Shane: Everyone I met was amazing. It was really extraordinary. I will say that this book took about 10 years to do, so I met a lot of people, while I was researching it. But that also had a lot to do with what my job was at the time. I was special correspondent for Travel And Leisure magazine and that allowed me to go to some of the most extraordinary places in the world. But what I kept finding was the things that appealed to me about those places were certain people that I develop deeper relationships with. And then went back to over time. I’ve been in Iceland eight times and the people that I tell their story about in Hawaii, the mockchu are basically friends that I’ve known now for a decade. And I go back again and again. It’s not just like parachuting in and interviewing somebody for a few hours and then leaving. I have deep relationships with a lot of these people. For instance, I’ve been going to the Island of Hawaii for 20 years, so I have really close connections there.

Karthika: Right. And you brought up a very good point about parachuting in, I know we talked about this earlier, but you know, this whole concept of just going in, being a part of the experience for a little bit and then assuming or sort of imagining that you know everything versus actually really making an effort to understand not just the people but the land and how they’re interconnected. That just gives a very different depth to the story.

Shane: Oh gosh. Yes, absolutely. Because you know, you’re not going to necessarily understand why people in Japan will never say no to you unless you really understand the complexity of that question. The complexity rather of why people don’t say no, they’ll say yes, yes, yes, yes, yes. And they really mean no, no, no, no, no. It’s not possible unless you have an understanding of the culture. That’s why it is important to report deeply on narratives rather than just and do a quick hit job and leave.

Karthika: I think it just makes the whole experience so much more enjoyable. As I get older, I can’t do those 28, 48 hour trips where half the time I am just getting over jet lag and then I need to get back home. I want to be in a place, I wanna see more of how the locals live and how they experience things because that just helps me sort of put myself in their shoes a little bit. And you get at least a little understanding how they live and how life is taking place there.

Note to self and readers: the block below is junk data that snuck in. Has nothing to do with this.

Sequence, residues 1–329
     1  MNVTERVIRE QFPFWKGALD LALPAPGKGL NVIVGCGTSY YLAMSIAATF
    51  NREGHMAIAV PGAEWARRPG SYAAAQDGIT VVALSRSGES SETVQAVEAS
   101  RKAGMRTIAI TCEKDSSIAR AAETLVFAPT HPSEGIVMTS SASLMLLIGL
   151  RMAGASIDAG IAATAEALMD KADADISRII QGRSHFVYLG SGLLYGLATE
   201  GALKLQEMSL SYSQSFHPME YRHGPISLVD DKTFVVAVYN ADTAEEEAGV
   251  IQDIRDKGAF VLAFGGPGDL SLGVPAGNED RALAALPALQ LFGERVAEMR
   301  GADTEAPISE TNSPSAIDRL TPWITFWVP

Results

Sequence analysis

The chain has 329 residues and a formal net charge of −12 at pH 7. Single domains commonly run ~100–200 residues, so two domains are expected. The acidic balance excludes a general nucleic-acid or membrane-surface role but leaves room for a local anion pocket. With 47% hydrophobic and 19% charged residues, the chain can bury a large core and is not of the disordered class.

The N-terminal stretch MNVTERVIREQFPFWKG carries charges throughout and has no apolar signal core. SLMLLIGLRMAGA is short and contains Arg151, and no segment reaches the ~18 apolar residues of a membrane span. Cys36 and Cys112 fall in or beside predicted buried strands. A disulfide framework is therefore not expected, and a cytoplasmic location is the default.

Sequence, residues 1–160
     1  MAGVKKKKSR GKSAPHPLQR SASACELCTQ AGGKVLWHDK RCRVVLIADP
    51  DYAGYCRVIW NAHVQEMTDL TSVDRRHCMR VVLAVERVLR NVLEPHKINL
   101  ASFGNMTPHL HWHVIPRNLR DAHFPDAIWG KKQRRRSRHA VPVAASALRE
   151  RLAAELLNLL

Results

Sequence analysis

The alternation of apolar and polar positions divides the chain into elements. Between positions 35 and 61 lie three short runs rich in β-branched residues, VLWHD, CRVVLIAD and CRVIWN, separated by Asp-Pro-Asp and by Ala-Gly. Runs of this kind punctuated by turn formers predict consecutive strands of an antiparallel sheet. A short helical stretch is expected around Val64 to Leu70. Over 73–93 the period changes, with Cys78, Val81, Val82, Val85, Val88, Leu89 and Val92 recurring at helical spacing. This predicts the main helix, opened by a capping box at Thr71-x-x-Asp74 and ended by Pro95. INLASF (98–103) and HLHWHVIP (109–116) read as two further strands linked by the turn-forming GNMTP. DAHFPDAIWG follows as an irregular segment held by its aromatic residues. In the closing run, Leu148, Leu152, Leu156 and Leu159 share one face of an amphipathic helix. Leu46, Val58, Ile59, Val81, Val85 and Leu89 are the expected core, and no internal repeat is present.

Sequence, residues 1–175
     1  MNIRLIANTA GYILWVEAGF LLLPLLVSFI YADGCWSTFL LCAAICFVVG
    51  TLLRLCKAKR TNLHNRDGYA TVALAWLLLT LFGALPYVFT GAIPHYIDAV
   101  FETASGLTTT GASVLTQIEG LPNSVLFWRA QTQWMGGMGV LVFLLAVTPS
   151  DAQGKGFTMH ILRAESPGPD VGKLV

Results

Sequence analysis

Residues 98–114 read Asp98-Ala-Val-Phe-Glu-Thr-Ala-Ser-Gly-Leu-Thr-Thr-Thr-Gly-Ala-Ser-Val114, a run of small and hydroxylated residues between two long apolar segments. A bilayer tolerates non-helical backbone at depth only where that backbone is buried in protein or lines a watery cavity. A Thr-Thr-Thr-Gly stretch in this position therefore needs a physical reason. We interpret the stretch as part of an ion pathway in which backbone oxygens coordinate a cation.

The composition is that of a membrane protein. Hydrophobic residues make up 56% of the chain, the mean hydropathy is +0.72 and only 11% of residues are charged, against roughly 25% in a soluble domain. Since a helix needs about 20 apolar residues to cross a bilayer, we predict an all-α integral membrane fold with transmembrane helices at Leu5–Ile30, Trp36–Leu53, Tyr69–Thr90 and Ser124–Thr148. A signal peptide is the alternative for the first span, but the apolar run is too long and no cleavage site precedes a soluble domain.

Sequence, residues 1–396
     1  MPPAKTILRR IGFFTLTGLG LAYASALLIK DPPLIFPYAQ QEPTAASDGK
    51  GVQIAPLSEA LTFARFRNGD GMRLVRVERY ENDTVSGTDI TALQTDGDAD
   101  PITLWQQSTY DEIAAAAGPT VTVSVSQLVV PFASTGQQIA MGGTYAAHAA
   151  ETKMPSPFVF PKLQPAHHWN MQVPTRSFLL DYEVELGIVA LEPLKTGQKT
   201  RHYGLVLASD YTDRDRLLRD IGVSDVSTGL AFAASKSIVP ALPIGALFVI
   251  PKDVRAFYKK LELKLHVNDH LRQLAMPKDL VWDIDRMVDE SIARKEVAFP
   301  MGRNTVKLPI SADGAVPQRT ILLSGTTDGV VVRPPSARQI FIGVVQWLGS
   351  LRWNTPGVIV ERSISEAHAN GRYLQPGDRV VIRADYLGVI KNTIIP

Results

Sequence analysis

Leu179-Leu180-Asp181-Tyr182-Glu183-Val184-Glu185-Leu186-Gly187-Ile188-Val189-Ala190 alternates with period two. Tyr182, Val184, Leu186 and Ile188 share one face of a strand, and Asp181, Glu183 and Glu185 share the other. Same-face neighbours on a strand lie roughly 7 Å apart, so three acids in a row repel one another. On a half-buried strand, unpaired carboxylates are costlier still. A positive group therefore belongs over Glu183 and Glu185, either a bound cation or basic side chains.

Shane: Oh yes, absolutely. That sort of understanding of the world comes with time and if we’re fortunate enough to have that, it just opens your mind to different pathways and different ways of living. It just gives people a better sense of the world and that leads to a better sense of compassion.

Karthika: Absolutely. Now, through food, you are sharing these narratives. Can you walk us through maybe an example of sort of how you would go about using food as a way to describe a culture or people?

Shane: Yeah, sure. Since we’re talking this time of year, let’s talk about day of the dead – Dos de Los Muertos – is now celebrated in many parts of the world, but most specifically in Mexico and places where the Mexican live. Now a lot of people may know more about day of the dead now because of the movie Coco. And essentially that’s one way of really understanding what Mexico is about. Because day of the dad kind of falls at the same time as Halloween and All Saints Day. And there’s a very specific reason for that. There is a Catholic overlay to a very old Aztec tradition, but the important aspect of day of the dead for families is to erect an altar that is a memorial to loved ones who have left our world and moved on. But what’s important about those altars is to always put food that the loved ones ate not just as a way of sort of drawing them back because you know, if they smell the black beans cooking, they might come back and might tempt them back, but also as a way I think of families perpetuating memory of a person who has passes. I now do an altar to one of my sisters who’s passed away and she loves those nasty snack food pretzels infused with cheese, one of her favorite snacks. So I put that on the altar for her every year now.

Karthika: Absolutely. I couldn’t agree more. Food is a medium in keeping that memory alive and keeping their stories alive for the next generation. It’s a very powerful way of conveying the sense of a person. Now Shane, what are some of your mottos or mantras in life? And the reason I ask this is that I am very curious on how dealing with food, culture and people for the past 30 years has affected you? Has it changed you in any way?

Shane: Oh gosh, yes, absolutely. The types of stories I’m telling now, whether it is for The Bitter Southerner or for Savour magazine or in this book are the things that I would not have been reporting on when I first started as a journalist. You were asking about a mantra and one of the ones I really like quoting is actually a Zen Buddhist saying, which is ‘The journey out is the journey in.’ And you can interpret that however you want.

Karthika: Now, how do you balance all these things in your life? You have a career, your own personal aspirations, your family, your other interests. Talk to me a little bit about all of this juggling that potentially goes on.

Shane: I’m a Libra, we’re all about balance. I always say that a career in journalism is a marathon, not a sprint. You have to be committed to the process, a career in writing. In fact, not just journalism, but career and writing is something you can do over your entire life. And you get better at it as you go along. I think finding balance means being able to shut down and then just say, I’m done. Let me have a nice dinner, let me take the dog for a walk, let me put my feet up in a hammock and grant myself the day off because normally I don’t. I don’t have days off. The only official days I take off are my birthday and Christmas.